But aside from the assumed “prestige” of the two directors — it is important for moviegoers to also consider the content of the films they watch. In the online film discussion community, Nolan’s films have often been the butt of jokes that poke fun at his film’s overtly cerebral plots, lack of cast diversity and uncompelling writing for female characters.
“I feel like Nolan, he’s just trying to make his movies really complicated in a way that it really doesn’t have to be,” PNN show editor and senior Lucas Vo said. “I’d rather just watch Barbie than watch Josh from Drake and Josh act all intellectual.”
The same cannot be said about Gerwig’s filmography, as “Barbie” specifically aims to subvert the unhealthy, conformist standards the popular toy franchise has been criticized for in the past, according to Vanity Fair. This was particularly evident in the promotional campaign for the film, in which a set of viral posters highlighted the multi-racial cast.
Some may claim that Nolan’s background in independent films is reason enough to trust his artistic judgment. While it is true that Nolan first came to mainstream attention for his 2000 neo-noir film “Memento,” it appears that the two directors are headed in the opposite direction as their careers develop.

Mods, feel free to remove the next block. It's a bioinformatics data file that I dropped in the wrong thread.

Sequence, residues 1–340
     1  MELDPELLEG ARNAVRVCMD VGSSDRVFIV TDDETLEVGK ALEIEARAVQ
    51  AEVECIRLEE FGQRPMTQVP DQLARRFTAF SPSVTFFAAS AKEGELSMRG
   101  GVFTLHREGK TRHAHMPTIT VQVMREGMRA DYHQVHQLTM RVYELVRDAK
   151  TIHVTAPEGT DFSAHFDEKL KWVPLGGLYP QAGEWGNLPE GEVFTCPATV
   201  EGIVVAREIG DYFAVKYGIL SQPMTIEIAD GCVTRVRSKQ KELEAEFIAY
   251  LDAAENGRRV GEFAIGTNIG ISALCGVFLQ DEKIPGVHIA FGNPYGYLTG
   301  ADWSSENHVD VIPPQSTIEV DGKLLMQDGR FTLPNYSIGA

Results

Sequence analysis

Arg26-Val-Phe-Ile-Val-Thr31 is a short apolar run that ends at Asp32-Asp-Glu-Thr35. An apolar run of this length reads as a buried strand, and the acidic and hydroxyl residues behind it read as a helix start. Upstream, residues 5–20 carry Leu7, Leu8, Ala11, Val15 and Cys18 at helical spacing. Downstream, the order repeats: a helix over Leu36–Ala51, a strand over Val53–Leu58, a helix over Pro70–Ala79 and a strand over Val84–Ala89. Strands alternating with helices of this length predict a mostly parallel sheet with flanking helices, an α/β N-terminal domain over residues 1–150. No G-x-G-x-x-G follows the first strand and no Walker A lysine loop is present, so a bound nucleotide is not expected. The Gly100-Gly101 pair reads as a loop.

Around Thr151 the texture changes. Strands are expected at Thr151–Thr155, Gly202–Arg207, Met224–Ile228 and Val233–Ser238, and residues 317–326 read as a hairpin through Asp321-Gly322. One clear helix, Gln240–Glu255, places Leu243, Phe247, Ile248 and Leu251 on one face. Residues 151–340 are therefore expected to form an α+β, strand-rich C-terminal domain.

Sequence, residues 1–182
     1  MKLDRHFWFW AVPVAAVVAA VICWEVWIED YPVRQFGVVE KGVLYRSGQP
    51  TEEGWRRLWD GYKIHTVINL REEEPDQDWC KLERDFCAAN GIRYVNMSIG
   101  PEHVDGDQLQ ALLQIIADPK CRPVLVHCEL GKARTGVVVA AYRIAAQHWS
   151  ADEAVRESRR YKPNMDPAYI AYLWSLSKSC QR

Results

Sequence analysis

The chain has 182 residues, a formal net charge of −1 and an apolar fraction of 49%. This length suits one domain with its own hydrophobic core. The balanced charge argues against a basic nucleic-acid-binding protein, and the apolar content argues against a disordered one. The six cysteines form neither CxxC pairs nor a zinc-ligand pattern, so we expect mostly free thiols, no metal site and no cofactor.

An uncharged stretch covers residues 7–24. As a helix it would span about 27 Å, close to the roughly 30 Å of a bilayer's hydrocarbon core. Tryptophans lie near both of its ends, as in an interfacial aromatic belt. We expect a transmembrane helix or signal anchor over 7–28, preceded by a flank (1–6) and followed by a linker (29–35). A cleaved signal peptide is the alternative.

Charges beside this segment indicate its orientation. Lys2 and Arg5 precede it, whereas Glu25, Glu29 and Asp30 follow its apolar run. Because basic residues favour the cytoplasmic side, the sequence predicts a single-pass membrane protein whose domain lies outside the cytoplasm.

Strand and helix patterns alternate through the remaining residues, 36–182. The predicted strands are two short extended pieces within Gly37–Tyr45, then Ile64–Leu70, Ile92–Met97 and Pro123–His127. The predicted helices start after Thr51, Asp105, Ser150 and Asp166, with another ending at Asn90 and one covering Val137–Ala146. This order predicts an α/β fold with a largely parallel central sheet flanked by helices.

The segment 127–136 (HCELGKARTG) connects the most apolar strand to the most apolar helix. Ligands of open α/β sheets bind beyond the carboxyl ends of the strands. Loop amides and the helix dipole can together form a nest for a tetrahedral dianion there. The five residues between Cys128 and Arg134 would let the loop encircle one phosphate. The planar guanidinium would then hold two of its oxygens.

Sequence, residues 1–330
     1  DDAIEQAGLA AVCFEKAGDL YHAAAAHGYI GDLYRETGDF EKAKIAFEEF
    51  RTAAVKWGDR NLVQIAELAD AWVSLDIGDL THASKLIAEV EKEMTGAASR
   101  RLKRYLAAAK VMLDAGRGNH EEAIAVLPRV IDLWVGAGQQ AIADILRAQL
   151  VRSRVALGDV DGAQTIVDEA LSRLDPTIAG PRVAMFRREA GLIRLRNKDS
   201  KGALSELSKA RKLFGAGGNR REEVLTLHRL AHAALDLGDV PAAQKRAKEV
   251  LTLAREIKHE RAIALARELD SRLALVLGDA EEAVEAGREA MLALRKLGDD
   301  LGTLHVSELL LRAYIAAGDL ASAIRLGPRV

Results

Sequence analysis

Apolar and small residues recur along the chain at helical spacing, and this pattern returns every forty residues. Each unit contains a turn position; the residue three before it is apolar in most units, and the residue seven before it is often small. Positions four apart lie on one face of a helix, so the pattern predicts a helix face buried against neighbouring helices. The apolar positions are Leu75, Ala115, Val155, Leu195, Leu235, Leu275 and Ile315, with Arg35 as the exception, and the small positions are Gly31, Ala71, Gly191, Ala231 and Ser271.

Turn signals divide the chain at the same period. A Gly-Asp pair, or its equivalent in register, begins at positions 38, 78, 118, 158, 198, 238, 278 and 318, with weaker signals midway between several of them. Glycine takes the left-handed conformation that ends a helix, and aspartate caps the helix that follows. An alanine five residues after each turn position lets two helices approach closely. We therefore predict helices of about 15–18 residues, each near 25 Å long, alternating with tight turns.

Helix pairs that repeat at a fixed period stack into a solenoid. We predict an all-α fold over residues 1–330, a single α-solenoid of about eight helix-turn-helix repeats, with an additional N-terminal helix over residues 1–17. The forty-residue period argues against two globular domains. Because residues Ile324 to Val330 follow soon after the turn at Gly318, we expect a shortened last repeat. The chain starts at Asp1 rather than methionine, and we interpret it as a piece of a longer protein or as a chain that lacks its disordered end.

Nolan’s more recent films — such as “Dunkirk” (2017) and “Tenet” (2020) — rely heavily on visual effects and large budgets, contrasting Gerwig’s filmography. If anything, Nolan’s latest films are mass-consumer products masquerading as auteur cinema by the weight of the director’s staying power alone, whereas Gerwig’s “Barbie” is peak independent cinema being channeled through the medium of a commercial product.
“The poetry of Greta Gerwig’s filmmaking is that breeze I cannot wait to feel again,” legendary Hollywood director Stephen Spielberg said when writing Greta Gerwig’s profile for the Time 100 most influential list.
This is a sentiment I echo completely in rampant anticipation of July 21, and I urge any other aspiring cinephile to choose the same.
Tyler Kim is the News Editor for his second year on the Portola Pilot. In the newsroom you’ll most likely catch him trying to convince writers to sign...